Dame Esther Rantzen has revealed that her lung cancer has progressed to stage four.
The 82-year-old broadcaster, known for presenting BBC series That’s Life! and founding charities such as Childline, confirmed in January that her lung cancer had spread.
Dame Esther said at the time she “decided not to keep this secret any more because I find it difficult to skulk around various hospitals wearing an unconvincing disguise” and is “remaining optimistic”.
In Friday’s The Mirror, she said “nobody knows” if the new medication she is trying is working and a scan “will reveal one way or another”.
Dame Esther said: “My diagnosis of stage four lung cancer made me realise how very lucky I’ve been in my life, working with Childline and the Silver Line, and meeting so many fascinating and inspiring people, and especially lucky to have spent 21 years working as producer/presenter of That’s Life!
“I’m not good at regrets. What I treasure most are the fantastic friendships I have made thanks to That’s Life! during the last 50 years, the people I met and the team who worked so hard, and laughed so hard, together for so long.”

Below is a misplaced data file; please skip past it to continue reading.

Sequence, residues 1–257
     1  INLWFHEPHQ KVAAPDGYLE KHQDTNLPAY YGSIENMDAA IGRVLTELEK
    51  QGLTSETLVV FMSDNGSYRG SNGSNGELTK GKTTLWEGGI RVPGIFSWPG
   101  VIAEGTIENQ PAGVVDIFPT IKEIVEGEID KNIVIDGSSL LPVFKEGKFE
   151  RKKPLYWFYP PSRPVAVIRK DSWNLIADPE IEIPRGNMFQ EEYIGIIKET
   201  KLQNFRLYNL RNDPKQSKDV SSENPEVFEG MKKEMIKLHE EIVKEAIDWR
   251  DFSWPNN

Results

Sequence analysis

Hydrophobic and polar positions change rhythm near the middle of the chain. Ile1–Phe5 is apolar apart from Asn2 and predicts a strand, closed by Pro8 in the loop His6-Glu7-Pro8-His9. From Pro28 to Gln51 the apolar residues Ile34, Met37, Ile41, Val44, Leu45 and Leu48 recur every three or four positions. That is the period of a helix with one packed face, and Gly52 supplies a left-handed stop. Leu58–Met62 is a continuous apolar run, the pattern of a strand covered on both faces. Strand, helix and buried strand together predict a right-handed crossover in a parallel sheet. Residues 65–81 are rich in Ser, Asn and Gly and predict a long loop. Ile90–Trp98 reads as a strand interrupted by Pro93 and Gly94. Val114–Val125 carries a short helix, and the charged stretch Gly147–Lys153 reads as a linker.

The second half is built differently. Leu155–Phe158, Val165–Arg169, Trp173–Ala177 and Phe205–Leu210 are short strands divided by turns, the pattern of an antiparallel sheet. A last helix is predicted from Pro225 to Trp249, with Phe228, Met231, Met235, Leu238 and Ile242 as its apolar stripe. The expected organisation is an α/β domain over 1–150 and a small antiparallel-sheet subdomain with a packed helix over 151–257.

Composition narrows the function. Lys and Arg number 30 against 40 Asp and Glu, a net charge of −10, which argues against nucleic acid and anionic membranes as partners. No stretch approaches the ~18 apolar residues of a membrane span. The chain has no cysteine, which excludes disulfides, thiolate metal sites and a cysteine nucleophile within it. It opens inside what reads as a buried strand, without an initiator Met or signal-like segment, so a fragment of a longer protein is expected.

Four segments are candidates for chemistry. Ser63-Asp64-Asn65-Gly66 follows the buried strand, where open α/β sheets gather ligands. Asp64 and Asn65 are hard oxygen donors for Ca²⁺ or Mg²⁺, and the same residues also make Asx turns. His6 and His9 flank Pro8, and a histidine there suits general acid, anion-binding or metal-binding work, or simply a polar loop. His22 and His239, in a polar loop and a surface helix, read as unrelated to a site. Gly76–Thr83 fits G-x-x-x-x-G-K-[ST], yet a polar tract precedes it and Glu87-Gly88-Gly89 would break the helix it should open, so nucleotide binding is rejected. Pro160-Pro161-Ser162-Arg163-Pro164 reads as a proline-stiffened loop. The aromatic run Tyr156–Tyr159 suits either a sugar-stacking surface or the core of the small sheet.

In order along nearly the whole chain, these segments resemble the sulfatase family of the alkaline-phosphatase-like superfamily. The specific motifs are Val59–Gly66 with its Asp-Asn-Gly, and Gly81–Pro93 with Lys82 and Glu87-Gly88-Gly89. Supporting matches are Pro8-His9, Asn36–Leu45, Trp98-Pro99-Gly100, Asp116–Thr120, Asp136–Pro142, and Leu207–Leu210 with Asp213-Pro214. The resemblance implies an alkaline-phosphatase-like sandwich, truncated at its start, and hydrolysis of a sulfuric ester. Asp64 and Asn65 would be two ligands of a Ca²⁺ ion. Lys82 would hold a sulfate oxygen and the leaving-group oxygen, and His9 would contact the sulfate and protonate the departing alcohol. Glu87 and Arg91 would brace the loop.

According to Cancer Research UK, stage four is when the cancer has spread from where it started to another body organ and is also called secondary or metastatic cancer.
The trailblazer for female broadcasters, who became a household name at the BBC, was speaking as she marked the 50th anniversary of the launch of That’s Life! on Friday.
The programme featuring a mix of investigations, topical issues and entertainment aired from 1973 to 1994.
Dame Esther founded children’s charity Childline, which she established in 1986, in addition to her success as a journalist and broadcaster.
In 2006, the charity – which offers counselling and support for children and young people in the UK up until the age of 19 – became part of the The National Society for the Prevention of Cruelty to Children (NSPCC).
In addition, Dame Esther also set up The Silver Line in 2013, a charity which supports elderly people in the UK who are battling loneliness.
She was made a DBE in 2015 for services to children and older people due to her charity work.